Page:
Don't Be THAT Family - 7 Restaurant Manners Your Kids Should Know

Before you eat out with kids, make sure they know how to behave

Practicing good restaurant manners with kids can be fun!. Andersen Ross/Getty Images

While it's important for kids to know basic table manners at home, they should also know how to behave when they are at a restaurant. Recently, there's been much talk in the news about restaurants that have instituted bans on kids. Some restaurants have denied access to kids entirely while others have restricted entry to kids (no kids past a certain time in the evening, say, or no kids who are under a certain age).

Others have simply asked parents to remove children who are disrupting other diners.

Whether you agree or disagree that banning kids is unfair, the fact is that kids can sometimes be very unpleasant company, whether it's in a restaurant, airplane, or even in line at the supermarket. As a parent, I can tell you that kids aren't always perfect and quiet, especially when they are supposed to be. And if I'm paying to eat out at a restaurant, I don't want to have to suffer through a meal while sitting near a child who's having a screaming fit, running around, or throwing food.

So here's a plea to parents: The next time your child is loud, misbehaving, or doing something else to disrupt the peace, take him outside to calm him down and reset his behavior. And teach your child these important restaurant manners. It'll not only benefit your family, but lend more support to the argument that all kids should not be banned because some children misbehave.

7 Restaurant Manners Kids Should Know

Teach your child these good restaurant manners so that they can be shining examples of how kids should behave in restaurants, and not get the side-eye from other diners who see you as THAT family--the ones they wish would leave!

  1. How to not speak too loudly
    Teach them the difference between an "indoor voice" and an "outdoor voice." Does your child want to tell you something in a really loud and excited voice? He should know that the people seated near him may not want to hear what he has to say as much as you do. Practice using an "indoor voice" with him before you go to the restaurant and teach him to wait patiently for his turn if someone else is speaking.
  1. How to be respectful to the staff
    Remind your child to say "please" and "thank you" to the waitstaff. Have your child thank the staff at the restaurant, whether it's the waiter who takes your order and brings your meal or a busboy who clears the dishes. And go over some good manners, such as how to greet people properly.
  2. How to be polite at the table and use good table manners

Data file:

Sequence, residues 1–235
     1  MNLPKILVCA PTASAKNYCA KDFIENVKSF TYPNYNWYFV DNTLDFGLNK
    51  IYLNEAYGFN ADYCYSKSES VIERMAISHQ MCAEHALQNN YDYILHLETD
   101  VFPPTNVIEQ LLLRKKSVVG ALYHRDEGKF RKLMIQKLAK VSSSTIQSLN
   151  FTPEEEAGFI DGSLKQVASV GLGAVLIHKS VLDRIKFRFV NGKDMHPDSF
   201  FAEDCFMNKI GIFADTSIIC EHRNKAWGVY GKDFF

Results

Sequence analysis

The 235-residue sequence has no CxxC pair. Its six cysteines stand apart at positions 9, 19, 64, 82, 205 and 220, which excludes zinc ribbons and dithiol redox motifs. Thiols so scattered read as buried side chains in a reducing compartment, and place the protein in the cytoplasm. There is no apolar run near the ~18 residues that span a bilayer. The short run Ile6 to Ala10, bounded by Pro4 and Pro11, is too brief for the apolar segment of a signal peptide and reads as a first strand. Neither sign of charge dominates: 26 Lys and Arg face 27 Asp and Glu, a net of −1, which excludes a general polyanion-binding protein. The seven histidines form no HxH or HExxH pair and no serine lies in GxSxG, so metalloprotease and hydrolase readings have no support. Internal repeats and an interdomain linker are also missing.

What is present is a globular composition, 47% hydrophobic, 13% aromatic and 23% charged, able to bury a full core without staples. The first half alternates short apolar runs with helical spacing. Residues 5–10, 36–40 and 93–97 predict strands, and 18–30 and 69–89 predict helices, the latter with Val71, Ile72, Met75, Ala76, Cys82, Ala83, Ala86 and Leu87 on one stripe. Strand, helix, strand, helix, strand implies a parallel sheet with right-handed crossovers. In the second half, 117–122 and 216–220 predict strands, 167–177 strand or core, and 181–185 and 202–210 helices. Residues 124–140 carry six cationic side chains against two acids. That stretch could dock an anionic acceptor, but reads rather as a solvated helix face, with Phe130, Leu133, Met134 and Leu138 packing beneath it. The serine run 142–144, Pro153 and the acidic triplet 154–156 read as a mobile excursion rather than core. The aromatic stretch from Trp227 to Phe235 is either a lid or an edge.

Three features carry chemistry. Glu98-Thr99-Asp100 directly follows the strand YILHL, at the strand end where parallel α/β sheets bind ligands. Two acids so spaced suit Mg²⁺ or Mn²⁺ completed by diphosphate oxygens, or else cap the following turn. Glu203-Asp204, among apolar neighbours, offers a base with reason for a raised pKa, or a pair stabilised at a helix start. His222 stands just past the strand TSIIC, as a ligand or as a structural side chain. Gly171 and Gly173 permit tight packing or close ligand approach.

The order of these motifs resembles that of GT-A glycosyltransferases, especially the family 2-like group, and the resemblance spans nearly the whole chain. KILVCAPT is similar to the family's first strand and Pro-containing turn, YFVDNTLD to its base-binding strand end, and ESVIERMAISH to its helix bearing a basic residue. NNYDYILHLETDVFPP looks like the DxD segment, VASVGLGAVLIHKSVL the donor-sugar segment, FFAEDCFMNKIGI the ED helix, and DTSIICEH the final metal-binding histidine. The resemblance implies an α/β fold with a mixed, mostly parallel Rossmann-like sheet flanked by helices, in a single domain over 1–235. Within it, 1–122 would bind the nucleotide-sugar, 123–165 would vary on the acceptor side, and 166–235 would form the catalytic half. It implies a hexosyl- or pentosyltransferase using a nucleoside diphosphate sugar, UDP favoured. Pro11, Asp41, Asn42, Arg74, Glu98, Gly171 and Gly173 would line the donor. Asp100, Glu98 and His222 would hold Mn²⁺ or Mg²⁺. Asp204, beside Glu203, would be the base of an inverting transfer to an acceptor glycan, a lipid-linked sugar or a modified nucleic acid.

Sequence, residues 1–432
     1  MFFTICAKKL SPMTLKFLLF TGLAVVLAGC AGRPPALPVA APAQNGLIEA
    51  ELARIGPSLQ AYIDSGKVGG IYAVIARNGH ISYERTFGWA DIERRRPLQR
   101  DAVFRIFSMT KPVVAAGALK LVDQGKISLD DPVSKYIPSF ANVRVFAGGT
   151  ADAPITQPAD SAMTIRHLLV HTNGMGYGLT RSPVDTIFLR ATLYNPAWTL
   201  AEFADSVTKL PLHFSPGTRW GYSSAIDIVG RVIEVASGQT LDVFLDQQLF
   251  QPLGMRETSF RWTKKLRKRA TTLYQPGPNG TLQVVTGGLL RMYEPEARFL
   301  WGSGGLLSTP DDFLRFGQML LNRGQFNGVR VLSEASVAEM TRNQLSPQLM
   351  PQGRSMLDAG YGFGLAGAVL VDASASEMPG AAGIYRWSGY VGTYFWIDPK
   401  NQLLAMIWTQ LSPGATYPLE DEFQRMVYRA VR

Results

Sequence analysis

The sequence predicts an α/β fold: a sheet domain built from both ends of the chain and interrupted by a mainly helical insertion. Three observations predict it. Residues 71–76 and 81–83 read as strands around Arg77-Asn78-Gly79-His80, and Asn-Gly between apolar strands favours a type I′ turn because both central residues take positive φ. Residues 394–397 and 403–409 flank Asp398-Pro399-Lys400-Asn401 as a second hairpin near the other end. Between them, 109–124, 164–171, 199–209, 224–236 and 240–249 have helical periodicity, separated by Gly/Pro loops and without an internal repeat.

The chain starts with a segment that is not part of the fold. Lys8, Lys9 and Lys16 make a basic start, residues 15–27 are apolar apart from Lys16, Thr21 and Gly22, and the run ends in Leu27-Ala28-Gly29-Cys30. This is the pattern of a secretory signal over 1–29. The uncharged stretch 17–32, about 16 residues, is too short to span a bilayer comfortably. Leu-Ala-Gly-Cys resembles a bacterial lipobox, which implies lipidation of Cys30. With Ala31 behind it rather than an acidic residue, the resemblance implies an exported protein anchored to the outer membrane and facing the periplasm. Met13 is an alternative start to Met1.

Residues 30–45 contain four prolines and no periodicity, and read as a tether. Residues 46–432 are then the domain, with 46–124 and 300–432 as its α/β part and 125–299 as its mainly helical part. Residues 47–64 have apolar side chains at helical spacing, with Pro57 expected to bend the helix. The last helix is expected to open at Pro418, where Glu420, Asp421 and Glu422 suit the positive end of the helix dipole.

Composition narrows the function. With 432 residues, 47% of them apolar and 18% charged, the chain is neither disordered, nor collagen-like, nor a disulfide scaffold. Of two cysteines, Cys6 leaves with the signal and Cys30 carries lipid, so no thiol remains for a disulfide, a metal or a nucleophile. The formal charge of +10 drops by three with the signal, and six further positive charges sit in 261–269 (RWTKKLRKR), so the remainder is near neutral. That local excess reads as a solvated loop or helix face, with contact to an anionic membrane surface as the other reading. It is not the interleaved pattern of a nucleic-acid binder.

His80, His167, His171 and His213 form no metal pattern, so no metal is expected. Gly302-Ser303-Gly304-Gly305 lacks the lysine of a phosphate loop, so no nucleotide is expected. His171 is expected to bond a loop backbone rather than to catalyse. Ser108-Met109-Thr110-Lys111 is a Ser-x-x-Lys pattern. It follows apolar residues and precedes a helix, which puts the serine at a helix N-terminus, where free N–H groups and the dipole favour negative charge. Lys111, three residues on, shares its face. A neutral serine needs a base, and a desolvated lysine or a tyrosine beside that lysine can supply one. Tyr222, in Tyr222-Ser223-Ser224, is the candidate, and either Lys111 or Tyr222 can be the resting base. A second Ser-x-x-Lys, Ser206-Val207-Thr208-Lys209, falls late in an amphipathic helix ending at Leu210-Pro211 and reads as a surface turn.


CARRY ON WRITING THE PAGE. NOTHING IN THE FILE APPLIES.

Go over other basic table manners with kids, such as waiting to eat until everyone is served and not speaking with your mouth full.
  3. How to stay in her own seat
    Explain that kids must stay in their seats because waitstaff and diners are constantly moving around, and the people who are quietly eating around them may be bothered by kids running around. Help kids stay in their seats with toys or activities. Bring an activity bag to occupy kids when they get bored. (This can be useful for any outing, not just a meal at a restaurant.) This "survival kit for parents" should include crayons, paper, sticker books, and puzzles--anything that will keep your child occupied.
  1. How to have a quiet and calm conversation over dinner
    As your child gets older, you'll really appreciate his ability to sit and have an interesting conversation with you and other adults. Plant the seeds now by talking to your child at mealtime at home and at a restaurant about topics that interest him, such as his friends, favorite activities, or what he loved about his day at school.
  2. How to quietly watch a movie or show
    If your child is still fidgety getting restless after other efforts to entertain her have failed, it's perfectly fine to resort to an electronic device like a tablet or smartphone so that she can watch a movie or favorite show. Just make sure you have headphones for a so that your child can watch videos or play games without disturbing people at nearby tables.
  3. How to speak in a nice voice
    Set a firm rule of no whine with dinner. It's an unfortunate fact that most young kids resort to whining at one point or another, especially if they're tired or out of sorts. Encourage your child to stop whining by figuring out what's triggering it and showing her how to speak in a more pleasant tone of voice.

Some Other Tips to Keep in Mind as You Teach Good Restaurant Behavior

  • Help them build a sense of pride. Kids naturally want to please their parents. Be sure to give them lots of praise for good restaurant behavior and let them know how much you have noticed and appreciate what they're doing. As they get praise from you--and probably from fellow diners and waitstaff--they'll likely feel a sense of pride in themselves.
  • Practice at home. Before you go out to eat, practice those restaurant table manners at home. Pretend you are eating out at a nice restaurant, even dressing up for dinner and inviting friends over. Have kids pretend that you are a waiter and practice ordering and saying "thank you" and "please."
  • Don't rely on restaurants to entertain kids. While kid-friendly restaurants may give you crayons and paper and even provide toys, most restaurants are there to serve food, not provide entertainment for kids. Bring what you need to keep kids distracted and occupied in case the food arrives late or your child is feeling fidgety.

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